- posted on: May 22, 2013
- posted by: 21 Acres
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We are already half way through spring, and summer solstice is just a month ahead! The unusually sunny and warm weather we had was such a treat no doubt, but in the field we experienced both pros and cons as a result of that. Most of the plants took up on the nice weather for their advantage while some got confused. The warm weather boosted the growth of many plants, and helped drying out parts of the wetland (Field 3), but crops like broccolini and some of the spring greens which prefer cool temperature got upset a little and started flowering(bolting). In addition, we needed to water some crops as early as the first week of May this time.
Last year we didn’t have to water until much later because last spring was cold and wet if you remember. So, there you go, that’s farming…there is always something to deal with, rain or shine.…never boring. The greenhouse is filled with seedlings and we put an extra table to make more space for seedling trays. We ordered the second round of coco coir since the first batch was already getting low (we initially ordered a conservative quantity of the mix for the first batch to see how it works, and it’s been working great!). In the field, lettuce, radishes, chard, potatoes, onions, leeks, broccoli, cabbage, kale, collards, mustard, beans, peas, carrots, beets, corn, summer squash, flowers and herbs are already in….also tomatoes. We just seeded winter squash last week, too. The season is smoothly sailing forward as scheduled so far, except we failed in red onions germination. As a result, we may have less quantity of red onions than originally planned this year. We did reseed red onions last week due to the failure, but it may be too late to mature (we also found red onion starts to save time and planted, but not many).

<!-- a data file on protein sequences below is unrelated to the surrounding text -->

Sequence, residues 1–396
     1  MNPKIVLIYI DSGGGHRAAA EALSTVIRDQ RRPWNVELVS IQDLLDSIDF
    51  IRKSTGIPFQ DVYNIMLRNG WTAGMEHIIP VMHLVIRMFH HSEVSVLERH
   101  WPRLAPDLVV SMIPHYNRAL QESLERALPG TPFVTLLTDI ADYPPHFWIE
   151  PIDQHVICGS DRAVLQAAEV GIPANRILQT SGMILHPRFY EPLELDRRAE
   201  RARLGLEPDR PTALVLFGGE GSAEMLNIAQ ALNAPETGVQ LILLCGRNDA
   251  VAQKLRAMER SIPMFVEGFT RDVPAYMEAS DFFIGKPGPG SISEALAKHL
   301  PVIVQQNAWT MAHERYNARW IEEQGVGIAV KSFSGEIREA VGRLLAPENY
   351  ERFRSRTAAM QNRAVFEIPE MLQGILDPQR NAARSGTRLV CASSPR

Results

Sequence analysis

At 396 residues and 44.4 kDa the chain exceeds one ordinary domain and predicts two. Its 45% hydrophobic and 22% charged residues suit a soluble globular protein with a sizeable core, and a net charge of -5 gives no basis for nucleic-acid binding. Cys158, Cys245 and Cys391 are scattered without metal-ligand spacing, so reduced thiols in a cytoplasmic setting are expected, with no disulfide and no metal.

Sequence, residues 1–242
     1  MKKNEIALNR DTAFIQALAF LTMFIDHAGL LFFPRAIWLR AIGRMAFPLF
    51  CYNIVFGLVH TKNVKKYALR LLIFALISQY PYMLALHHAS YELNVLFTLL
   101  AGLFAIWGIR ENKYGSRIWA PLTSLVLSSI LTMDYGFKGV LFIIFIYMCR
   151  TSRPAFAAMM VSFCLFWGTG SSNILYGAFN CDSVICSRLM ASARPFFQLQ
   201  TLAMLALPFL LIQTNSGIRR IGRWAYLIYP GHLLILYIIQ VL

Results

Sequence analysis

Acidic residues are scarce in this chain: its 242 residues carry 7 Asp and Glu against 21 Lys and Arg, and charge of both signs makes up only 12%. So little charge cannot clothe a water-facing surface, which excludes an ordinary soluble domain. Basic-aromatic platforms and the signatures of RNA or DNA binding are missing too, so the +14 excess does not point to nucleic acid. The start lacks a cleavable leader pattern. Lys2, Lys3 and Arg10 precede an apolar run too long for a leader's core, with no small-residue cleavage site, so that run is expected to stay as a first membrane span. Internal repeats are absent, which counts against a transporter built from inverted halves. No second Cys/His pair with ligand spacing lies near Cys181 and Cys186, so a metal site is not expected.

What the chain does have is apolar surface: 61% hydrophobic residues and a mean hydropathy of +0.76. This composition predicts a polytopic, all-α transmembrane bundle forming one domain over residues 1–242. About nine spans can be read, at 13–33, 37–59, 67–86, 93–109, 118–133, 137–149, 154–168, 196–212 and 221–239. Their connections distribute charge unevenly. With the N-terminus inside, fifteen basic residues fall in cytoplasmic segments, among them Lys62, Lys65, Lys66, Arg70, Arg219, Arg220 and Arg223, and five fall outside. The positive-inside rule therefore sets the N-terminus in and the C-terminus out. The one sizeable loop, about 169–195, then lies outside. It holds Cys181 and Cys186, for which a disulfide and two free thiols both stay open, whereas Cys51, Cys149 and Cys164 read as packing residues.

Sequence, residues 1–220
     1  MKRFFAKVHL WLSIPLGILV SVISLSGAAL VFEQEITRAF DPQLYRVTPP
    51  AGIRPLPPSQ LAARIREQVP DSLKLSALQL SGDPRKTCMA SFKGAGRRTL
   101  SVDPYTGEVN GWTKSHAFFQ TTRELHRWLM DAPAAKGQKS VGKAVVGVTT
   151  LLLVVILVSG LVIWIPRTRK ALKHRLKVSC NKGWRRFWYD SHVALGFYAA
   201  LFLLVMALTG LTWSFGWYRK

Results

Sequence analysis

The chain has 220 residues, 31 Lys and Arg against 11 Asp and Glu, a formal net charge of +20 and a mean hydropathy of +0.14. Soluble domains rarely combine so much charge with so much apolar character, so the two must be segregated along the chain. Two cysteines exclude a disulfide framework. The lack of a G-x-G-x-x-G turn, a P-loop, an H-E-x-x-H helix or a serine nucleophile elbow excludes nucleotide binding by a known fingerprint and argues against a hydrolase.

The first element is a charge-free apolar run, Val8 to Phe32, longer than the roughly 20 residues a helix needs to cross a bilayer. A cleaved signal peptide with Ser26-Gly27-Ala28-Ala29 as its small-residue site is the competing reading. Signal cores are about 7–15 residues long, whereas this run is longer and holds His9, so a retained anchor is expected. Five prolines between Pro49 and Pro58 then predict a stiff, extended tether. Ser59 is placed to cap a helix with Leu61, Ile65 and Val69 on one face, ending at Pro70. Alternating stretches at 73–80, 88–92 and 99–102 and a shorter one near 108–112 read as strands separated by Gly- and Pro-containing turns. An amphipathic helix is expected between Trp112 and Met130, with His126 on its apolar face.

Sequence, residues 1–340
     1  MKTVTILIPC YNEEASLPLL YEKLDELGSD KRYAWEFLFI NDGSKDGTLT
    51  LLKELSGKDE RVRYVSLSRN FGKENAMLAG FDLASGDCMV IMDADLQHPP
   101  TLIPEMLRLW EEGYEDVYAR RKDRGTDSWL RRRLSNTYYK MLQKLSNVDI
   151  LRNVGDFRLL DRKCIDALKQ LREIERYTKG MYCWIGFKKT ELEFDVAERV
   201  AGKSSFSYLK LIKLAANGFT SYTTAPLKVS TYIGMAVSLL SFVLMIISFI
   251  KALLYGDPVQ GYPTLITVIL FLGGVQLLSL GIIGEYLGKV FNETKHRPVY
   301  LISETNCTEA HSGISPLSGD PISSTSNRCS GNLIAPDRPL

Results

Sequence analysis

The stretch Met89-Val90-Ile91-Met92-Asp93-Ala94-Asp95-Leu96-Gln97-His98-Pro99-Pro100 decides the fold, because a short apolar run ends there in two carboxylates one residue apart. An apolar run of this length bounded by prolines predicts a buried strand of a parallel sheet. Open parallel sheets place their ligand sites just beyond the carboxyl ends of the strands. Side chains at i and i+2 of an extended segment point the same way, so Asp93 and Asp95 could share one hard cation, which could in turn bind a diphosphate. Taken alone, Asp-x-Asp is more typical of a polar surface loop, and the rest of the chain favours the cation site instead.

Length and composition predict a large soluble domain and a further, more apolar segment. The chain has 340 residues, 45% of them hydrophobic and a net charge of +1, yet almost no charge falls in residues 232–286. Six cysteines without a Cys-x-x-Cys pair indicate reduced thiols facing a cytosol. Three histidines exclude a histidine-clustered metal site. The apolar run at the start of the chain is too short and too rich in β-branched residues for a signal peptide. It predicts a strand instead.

The new irrigation system is working well. We no longer use city water for irrigation except washing produce and containers. We continue to implement and experiment with the new irrigation system in a way that suits the best practice of the farm operation as well as conserves water and creates less impact to environment. By the way, the last week’s gusty wind took down a couple of trees on the farm, but luckily no major damage other than that. Although the roller coaster weather may continue for the rest of May, and perhaps into June(?), the relatively mild spring weather has been a good news over all helping the growing season sound. We are beginning to recruit volunteers for the farm season now, so please let us know if you know people who may be interested. Our tractor is still in the shop for repair. Let’s cross fingers. That’s it for now, and more news in a few weeks.
Thanks. – Farmer John –